We follow the shoreline to the west thinking we might enjoy a lunch at campsite 418 to see if it is really a 5 star site, but we can’t seem to find it and decide to proceed towards our goal of Horseshoe Island. We stop at campsite 423 and find it in a bad state of disuse. There was nice cove of larger pines where we enjoyed a quick lunch and get serenaded by the college crew signing a paddling chant on their way back to their camp
There is a bit of concern with campsite availability so we keep lunch short and set out again against the light breeze. We see the kids are split between the two campsites on Oskenonton Island. Approaching Horseshoe Island we see that the eastern site is taken, but we are hoping to get the site the outfitter had recommended on the NW part of the Island. As we rounded the NE point of the island we see that the site ahead of us on the island north of Horseshoe is open, so Rayn and I take the long route to take a look just in case our first choice is taken. This site (376) looks like a nice site and open, but after lingering for about 10 minutes and not seeing Gavin and Eric, we decide that they much have found and taken claim of our first choice.
And indeed they had and this was really a great site. Unlike most of the area we had been travelling through, this island seemed to have been spared any of the fires over the last couple of decades and had a number of mature pines. The best feature was the tall rock shelf in camp at perfect working height, so we were able to cook, prepare meals, etc. without having to stoop on the ground. Again we got camp all set up and this time took the time to properly set up the tarp, as it looked like more substantial rain was on the way. This is confirmed when I check my Inreach mini. We also see that it will likely rain pretty much all the next day.
With this in mind, we have a discussion and ask the scouts what they want to do. They don’t like the idea of packing up and traveling in the rain, and note that this is really a nice campsite and decide that tomorrow will be a layover day. That afternoon we get just a bit of fishing in before we scavenge for firewood to put under the tarp. As a bonus, I find a couple of Blueberry patches! Night falls and the rain starts, so it is a pretty early night, and I fall to sleep listening to the raindrops on the hammock tarp.
~Maraboeuf Lake, Saganaga Lake~Maraboeuf Lake, Saganaga Lake
Later in the afternoon Eric took Gavin out and had a blast catching a bunch of smallies, a couple of which ended up as a nice addition to our dinner!
Overall it was a great day and everyone agreed that the layover was a great idea, even if it happened earlier in our trip as was planned. Highlight was watching the Eagles take the fish scraps we had left on the nearby point in front of camp. ~Saganaga Lake~Saganaga Lake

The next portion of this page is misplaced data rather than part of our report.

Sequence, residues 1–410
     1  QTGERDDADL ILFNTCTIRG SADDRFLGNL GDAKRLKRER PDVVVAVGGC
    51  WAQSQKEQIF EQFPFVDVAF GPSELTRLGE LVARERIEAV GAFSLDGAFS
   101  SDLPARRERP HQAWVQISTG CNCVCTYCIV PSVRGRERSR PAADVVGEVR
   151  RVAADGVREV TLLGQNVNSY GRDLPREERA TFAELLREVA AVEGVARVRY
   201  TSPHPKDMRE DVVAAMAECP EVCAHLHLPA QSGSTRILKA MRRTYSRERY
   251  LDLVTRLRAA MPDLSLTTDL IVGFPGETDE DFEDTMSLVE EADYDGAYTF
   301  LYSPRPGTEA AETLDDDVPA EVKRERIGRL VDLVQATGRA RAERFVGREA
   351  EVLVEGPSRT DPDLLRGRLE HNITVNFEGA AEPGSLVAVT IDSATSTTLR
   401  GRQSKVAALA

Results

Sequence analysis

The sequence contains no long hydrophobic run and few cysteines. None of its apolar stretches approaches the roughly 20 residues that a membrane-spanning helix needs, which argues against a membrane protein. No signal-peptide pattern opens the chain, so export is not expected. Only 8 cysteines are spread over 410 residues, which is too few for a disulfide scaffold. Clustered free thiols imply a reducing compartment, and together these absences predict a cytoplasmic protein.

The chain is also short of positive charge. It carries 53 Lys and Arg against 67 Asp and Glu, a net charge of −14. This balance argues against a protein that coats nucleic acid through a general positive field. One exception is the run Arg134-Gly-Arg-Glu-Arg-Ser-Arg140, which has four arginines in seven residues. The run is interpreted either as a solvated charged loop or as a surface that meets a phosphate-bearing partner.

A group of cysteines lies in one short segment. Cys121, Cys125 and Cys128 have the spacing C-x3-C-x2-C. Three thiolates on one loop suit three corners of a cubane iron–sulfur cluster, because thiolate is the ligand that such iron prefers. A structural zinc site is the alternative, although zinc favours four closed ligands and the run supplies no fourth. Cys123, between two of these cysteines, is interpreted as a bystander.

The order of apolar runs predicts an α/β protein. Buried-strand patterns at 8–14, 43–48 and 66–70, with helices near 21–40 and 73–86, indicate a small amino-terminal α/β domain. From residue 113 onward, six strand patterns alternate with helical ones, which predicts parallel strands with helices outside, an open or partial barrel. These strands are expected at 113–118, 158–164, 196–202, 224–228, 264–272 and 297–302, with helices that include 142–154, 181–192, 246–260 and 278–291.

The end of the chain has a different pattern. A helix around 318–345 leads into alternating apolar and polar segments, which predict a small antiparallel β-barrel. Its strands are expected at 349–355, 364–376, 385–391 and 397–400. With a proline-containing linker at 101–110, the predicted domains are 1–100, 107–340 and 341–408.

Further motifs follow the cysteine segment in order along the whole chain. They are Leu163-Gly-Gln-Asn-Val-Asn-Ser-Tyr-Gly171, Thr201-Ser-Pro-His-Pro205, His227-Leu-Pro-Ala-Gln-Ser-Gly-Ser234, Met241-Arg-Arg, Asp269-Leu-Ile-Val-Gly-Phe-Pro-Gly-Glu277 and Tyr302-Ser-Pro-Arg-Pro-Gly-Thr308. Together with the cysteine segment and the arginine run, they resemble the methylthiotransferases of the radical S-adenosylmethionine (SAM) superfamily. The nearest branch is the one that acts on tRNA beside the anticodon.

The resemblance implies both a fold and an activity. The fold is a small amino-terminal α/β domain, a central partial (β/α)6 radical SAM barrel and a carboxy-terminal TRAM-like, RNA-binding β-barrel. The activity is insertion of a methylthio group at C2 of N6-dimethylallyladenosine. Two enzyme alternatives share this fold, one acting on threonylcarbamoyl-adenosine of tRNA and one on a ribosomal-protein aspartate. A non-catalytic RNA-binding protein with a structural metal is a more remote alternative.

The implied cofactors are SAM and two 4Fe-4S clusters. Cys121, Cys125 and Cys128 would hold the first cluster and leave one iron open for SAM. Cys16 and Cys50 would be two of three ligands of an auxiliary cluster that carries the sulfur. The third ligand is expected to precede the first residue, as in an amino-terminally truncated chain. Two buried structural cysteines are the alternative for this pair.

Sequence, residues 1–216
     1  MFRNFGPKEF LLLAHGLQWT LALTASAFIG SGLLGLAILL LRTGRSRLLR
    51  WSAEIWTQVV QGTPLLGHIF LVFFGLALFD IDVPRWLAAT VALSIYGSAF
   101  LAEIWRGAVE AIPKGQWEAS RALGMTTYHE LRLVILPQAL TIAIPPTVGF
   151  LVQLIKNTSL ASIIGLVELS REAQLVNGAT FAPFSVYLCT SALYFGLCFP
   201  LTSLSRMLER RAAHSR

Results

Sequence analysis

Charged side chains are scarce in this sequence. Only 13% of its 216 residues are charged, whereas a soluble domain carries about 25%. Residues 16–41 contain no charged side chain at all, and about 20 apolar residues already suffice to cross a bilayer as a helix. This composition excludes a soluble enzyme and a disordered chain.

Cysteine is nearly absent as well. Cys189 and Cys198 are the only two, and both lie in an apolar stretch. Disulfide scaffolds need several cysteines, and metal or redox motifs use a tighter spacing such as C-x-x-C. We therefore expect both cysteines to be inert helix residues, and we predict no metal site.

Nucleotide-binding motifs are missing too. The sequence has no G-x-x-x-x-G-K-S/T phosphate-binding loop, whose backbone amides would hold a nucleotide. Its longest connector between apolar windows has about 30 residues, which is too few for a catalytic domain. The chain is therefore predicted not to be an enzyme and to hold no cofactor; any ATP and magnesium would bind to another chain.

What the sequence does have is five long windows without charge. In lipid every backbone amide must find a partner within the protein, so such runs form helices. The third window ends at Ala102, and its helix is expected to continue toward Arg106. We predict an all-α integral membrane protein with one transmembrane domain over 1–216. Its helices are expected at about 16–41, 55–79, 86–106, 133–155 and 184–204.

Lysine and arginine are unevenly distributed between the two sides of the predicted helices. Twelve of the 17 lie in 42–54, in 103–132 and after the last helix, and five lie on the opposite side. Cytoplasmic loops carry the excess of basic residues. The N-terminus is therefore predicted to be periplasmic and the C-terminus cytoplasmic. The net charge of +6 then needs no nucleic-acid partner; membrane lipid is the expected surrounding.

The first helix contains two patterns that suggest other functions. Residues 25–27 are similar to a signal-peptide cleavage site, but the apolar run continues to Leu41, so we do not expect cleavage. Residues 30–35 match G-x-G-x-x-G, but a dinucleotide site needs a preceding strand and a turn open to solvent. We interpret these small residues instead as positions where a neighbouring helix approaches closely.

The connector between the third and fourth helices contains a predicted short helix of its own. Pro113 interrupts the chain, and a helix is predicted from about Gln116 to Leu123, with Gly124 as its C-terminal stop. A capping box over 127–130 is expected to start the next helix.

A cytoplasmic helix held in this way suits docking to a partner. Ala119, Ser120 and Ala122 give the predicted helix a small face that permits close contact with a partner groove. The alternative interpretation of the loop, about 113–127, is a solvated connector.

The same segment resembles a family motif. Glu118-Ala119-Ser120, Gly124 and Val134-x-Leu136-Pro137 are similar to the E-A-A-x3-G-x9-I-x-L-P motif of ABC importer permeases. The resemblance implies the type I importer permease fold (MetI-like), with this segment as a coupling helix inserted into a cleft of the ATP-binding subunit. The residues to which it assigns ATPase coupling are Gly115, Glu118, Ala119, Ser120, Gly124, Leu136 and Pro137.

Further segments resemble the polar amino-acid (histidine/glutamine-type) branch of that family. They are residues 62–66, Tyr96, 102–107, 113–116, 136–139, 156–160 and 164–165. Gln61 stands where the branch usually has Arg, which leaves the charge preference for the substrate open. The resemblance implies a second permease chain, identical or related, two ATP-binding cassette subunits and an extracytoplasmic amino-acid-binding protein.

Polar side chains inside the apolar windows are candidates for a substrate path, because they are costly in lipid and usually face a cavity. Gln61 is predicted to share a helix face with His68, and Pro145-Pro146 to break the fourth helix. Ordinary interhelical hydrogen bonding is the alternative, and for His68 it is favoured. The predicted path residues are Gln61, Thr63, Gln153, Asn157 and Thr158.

As we neared the portage, we got a great show in the back of the bay. I have never seen this before, but there ware a few dozen mergansers being chanced around by a loon. The loon would be underwater and pop up right next to the young ducks and they would frantically try to get away, running across the water. Quite entertaining! The rest of the travel through Red Rock and into Alpine was uneventful, with a stop for lunch at the North campsite on Red Rock. We dipped the paddles into the waters of Alpine lake around 1:00PM, with hopes to grab the island site mid-lake. We were hopeful as Red Rock was more or less empty as we only saw one campsite that was taken. However, as we made our way down the lake, we saw that the sites we passed were all taken. When we got closer, we saw the site we were hoping for was also occupied. We continued to make our way around the other islands and to the East side of the lake and site after site was full. Finally at 3:30 we found that the side closest to the Rog Lake portage was empty. We were not felling great about this site as we assessed it from the water. Rayn and I pulled up and started looking around while Gavin and Eric decided to check to see if the portage across from the Jasper Lake portage was open as we could not see this from the main lake.
Rayn and I after surveying the site a bit more decided that this was actually a pretty good site. There is a huge rock behind the site thar rises about 30 feet and affords wonderful views. Better yet, I don’t know if I have ever seen a site with as many blueberries as this one. Yum!
Eric took Gavin out for some fishing later that afternoon and caught the one walleye we were to catch the whole trip, but it was a bit on the small size for eating so back it went. After a half hour or so our forward scouts came back and reported that the site was open, but it was not that great. So with that we knew were we would be staying that night. We enjoyed a quick swim to cool off and set up camp once again. Rayn decided that she would grab the sleeping pad and her sleeping bag and spend the night on top of the rock that night. She was rewarded with a wonderful view of the night sky when the clouds broke up during the night. It put the Thermacell to the test as there was no wind to keep the mosquitos away, but she reported that they largely left her alone. ~Alpine Lake, Red Rock Lake, Saganaga Lake~Saganaga Lake, Red Rock Lake, Alpine Lake